Cork Airport Authority to discuss €100m bill

CORK Airport Authority (CAA) will officially discuss at the start of next week the €100 million bill it would face under the findings of the Cassells report on the break-up of Aer Rianta.

However, pressure is already being put on board members to reject the proposals on the basis that any debt, especially one so high, flies in the face of Government promises that CAA would break away from the Dublin Airport Authority debt-free.

The report identifies a net debt position of €20-40m to be taken on board by CAA but does so on the basis that €50-70m is generated from the sale of development land and business park interests.

Yesterday in Cork, business leaders said land was already included in the deal and was automatically going to transfer to Cork with the Aer Rianta break-up.

CAA chairman and Cork Chamber of Commerce president Joe Gantly, attending the Irish Management Institute (IMI) conference in Wicklow, refused to comment other than to say there would be a meeting of the board “early next week”.

However, Conor Healy, Mr Gantly’s colleague in the Cork Chamber of Commerce said: “Effectively forcing (CAA) into the sale of lands to reduce its debt burden is not an acceptable solution.

“It was never envisaged that these assets would be separated out from the overall transfer of airport assets in this manner. In my view these assets are a part of Cork Airport and should transfer to the CAA as such. The real debt figure being proposed in this report is in excess of €100m which is well outside the range of debt which the CAA identified as being manageable.”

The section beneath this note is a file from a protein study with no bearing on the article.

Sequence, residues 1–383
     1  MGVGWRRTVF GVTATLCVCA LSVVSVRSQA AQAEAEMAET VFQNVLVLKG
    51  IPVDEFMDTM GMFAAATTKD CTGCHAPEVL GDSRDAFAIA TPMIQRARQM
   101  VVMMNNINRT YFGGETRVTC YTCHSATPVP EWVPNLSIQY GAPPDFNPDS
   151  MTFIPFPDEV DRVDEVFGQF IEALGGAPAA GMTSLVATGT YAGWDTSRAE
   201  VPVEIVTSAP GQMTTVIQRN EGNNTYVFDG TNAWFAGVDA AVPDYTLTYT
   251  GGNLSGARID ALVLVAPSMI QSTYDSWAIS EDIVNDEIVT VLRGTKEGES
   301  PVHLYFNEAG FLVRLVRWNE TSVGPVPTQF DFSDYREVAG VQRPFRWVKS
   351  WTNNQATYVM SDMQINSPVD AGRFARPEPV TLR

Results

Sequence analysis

One informed source close to the authorities yesterday told the Irish Examiner the authorities had found the statement from Transport Minister Noel Dempsey — effectively telling the two sides to work it out for themselves — “fudgey”.

The minister said he believed the Cassells report “represented a sensible solution” which he urged both parties to accept as soon as possible and that he had asked Peter Cassells to assist the two boards to bring the issue to a “speedy, mutually acceptable conclusion”.

“Bearing in mind the report states both sides could not reach agreement, the minister would need to give clarity as to how he expects both sides to accept the report and what timeframe would constitute ‘speedy’,” the source said.

Reacting to the Cassells report and the minister’s response, Fine Gael said it was “short-sighted and unacceptable” of the minister to call on Cork Airport to accept a debt of more than €100m.

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